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35 years ago: Ozzie Smith's 3,000-to-1 shot made St. Louis 'Go Crazy'

35 years ago: Ozzie Smith's 3,000-to-1 shot made St. Louis 'Go Crazy'

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On Oct. 14, 1985, a Hall of Fame shortstop hit a home run that inspired a "Go Crazy!" call by a Hall of Fame announcer. This is how our Hall of Fame reporter covered the moment.

Call it a 3,000-to-1 shot.

That's how many times Ozzie Smith had batted lefthanded in the major leagues - actually 3,009 - without hitting a home run.

He hadn't even hit one in Walla Walla, where he played Class A ball.

But that longshot broke the tape for the Cardinals in the ninth inning of Monday's fifth game of the National League Championship Series with the Los Angeles Dodgers.

Ozzie Smith's "Go crazy" home run

Ozzie Smith's famous home run during the playoffs in 1985 against the Los Angeles Dodgers was announced by Jack Buck, who made the call: "Go crazy, folks, go crazy." Photo by J.B. Forbes

Smith drilled a 1-2 pitch from Tom Niedenfuer off a concrete pillar behind the right-field wall at Busch Stadium and the Cardinals had a 3-2 victory. They also had a 3-2 lead in the best-of-seven series with 21-game winners Joaquin Andujar and John Tudor ready to face the Dodgers in Los Angeles on Wednesday and, if necessary, Thursday.

Smith had had 13 previous home runs in his major-league career - all from his natural right side. And those home runs covered eight seasons as a major leaguer.

''That's not really what I was trying to do, '' said Smith. ''I was trying to get an extra-base hit and get into scoring position. Fortunately, I was able to get the ball up.''

The home run created a mob scene at the plate as Smith high-fived his way home.

''It was a great moment for us, '' said Smith. ''We had to win three games here if we had a real chance of winning this series.

''I feel real happy for the guys. We came out of spring training and nobody gave us a chance of doing anything.''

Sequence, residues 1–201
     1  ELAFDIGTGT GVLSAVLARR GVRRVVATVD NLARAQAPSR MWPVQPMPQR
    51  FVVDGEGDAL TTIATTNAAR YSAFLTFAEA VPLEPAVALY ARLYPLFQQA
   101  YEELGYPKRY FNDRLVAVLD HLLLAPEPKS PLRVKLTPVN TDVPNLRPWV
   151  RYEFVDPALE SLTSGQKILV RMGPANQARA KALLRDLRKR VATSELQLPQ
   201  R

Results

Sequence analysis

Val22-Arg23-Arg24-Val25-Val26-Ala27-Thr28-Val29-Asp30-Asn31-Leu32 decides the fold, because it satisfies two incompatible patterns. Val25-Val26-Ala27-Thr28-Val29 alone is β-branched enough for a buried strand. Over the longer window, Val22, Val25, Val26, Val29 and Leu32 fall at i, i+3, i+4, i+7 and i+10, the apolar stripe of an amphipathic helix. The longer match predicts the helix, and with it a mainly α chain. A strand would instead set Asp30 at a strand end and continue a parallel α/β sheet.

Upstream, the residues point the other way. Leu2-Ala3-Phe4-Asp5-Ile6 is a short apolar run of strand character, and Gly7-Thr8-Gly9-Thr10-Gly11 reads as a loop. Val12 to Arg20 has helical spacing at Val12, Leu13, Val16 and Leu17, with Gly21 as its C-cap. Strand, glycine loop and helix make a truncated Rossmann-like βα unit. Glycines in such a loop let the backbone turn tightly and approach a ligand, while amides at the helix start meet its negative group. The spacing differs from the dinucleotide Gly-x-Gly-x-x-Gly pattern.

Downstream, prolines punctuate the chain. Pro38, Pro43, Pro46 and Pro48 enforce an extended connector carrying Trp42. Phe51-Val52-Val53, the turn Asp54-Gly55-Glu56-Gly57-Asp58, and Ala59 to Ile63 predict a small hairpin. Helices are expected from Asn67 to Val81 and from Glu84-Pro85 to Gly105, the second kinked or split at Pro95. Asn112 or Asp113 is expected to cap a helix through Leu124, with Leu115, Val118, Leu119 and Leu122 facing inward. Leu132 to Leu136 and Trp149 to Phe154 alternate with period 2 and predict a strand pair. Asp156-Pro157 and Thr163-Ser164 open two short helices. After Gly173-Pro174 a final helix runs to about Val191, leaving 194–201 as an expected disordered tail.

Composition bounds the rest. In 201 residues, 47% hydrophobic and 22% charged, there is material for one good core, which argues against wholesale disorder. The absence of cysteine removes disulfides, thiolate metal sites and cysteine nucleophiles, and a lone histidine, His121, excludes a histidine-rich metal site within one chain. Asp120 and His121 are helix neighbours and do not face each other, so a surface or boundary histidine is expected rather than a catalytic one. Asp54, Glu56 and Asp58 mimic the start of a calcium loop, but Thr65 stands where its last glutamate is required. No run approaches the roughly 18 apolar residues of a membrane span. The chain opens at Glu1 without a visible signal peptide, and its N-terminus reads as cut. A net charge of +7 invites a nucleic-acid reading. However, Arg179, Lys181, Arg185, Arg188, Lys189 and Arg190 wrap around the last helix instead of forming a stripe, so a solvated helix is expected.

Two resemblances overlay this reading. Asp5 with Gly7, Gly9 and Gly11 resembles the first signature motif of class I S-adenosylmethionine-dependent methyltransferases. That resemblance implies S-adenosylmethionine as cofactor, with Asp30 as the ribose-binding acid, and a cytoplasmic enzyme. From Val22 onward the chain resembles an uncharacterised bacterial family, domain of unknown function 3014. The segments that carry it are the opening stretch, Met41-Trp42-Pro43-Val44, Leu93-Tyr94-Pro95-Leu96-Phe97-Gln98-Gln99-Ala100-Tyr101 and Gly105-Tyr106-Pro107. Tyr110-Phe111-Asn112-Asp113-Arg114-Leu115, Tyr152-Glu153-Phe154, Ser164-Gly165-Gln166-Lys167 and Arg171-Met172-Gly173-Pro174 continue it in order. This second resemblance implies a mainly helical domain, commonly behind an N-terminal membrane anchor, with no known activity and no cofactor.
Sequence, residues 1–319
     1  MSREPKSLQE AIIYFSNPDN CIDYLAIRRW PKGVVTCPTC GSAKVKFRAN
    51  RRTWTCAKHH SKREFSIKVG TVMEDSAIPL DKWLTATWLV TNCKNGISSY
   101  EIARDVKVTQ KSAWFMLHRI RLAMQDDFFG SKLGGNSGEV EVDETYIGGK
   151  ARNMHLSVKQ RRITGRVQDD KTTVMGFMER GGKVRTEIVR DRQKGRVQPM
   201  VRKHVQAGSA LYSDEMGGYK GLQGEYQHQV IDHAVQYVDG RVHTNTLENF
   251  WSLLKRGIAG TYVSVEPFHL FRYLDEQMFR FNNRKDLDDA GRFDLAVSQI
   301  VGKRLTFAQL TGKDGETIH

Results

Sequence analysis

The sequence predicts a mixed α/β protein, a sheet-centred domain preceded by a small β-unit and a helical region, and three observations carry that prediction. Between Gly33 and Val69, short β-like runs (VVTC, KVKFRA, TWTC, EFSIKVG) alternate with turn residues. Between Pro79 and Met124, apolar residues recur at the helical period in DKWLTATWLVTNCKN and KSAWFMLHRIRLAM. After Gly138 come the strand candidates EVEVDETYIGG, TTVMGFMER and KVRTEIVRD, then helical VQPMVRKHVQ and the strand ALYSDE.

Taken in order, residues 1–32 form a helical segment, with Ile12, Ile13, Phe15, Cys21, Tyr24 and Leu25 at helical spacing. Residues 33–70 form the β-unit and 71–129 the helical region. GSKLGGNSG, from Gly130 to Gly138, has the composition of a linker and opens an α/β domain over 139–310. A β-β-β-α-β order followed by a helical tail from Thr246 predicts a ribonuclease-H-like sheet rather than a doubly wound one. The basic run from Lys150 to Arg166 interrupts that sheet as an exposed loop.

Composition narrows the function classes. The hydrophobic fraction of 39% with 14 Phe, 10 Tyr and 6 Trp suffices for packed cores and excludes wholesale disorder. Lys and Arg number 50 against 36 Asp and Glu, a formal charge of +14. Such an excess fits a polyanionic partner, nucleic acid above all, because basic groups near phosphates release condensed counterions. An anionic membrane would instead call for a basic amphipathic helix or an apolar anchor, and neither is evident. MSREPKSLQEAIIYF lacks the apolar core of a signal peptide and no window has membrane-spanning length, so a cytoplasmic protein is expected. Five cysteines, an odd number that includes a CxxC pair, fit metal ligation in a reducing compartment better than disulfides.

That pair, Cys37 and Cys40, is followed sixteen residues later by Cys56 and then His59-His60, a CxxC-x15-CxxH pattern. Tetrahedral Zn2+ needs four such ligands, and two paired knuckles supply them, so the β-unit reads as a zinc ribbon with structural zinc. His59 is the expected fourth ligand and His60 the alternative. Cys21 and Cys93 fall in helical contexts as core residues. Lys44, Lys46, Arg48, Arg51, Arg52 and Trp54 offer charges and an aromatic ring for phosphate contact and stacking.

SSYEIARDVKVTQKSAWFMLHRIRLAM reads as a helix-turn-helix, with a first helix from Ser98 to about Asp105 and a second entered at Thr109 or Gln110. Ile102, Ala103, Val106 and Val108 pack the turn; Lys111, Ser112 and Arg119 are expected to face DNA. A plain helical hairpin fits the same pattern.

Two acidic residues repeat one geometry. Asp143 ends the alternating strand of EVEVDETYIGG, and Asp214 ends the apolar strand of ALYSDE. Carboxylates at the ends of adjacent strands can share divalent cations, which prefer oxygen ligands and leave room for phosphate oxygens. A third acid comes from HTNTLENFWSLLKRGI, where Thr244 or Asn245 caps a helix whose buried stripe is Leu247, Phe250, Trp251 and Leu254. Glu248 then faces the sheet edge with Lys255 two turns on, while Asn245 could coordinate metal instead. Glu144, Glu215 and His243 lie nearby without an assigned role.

Ozzie Smith's "Go crazy" home run

Ozzie Smith's famous home run during the playoffs in 1985 against the Los Angeles Dodgers was announced by Jack Buck, who made the call: "Go crazy, folks, go crazy." Photo by J.B. Forbes

Smith had his best offensive season this year with a .276 average, 6 homers and 53 runs batted in.

''The little midget, '' as Andujar colorfully refers to him, ''is a strong little guy. He's stronger than people think.''

The Cardinals maintained the prevailing mood of the home team winning every game of this series.

It seemed as if they were going to cruise to the fifth-game victory when they roughed up Fernando Valenzuela in the first two innings. But, after Tom Herr doubled home two runsin the first, the Cardinals left Herr at third when Jack Clark lined out, Cesar Cedeno struck out and Tito Landrum flied out.

In the second, they had runners at second and third with one out but McGee struck out and Smith popped up.

''I was a little bit worried, '' said Cardinals manager Whitey Herzog. ''If you don't get Fernando early, you generally don't get him.''

That is precisely what happened. Though Valenzuela walked a playoff record 8 batters, he gave up only 2 hits - and no runs - after the second inning.

Dodgers manager Tom Lasorda took out Valenzuela in the ninth inning and Niedenfuer, who had stopped the Cardinals in the first game, came in.

Niedenfuer, like almost everyone else, was surprised at the result. ''I thought it would be onthe warning track, '' he said of Smith's drive. ''It's just one of those things. I have to put it out of my mind and look ahead to the future. Let's give Ozzie some credit, too. He's really improved lefthanded and he got around on my fastball today.''